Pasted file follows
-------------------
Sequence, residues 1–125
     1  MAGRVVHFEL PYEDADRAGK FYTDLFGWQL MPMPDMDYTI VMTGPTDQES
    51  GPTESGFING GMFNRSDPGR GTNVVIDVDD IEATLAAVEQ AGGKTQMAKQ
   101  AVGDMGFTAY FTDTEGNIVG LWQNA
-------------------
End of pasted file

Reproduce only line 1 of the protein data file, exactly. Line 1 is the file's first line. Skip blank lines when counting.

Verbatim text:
Sequence, residues 1–125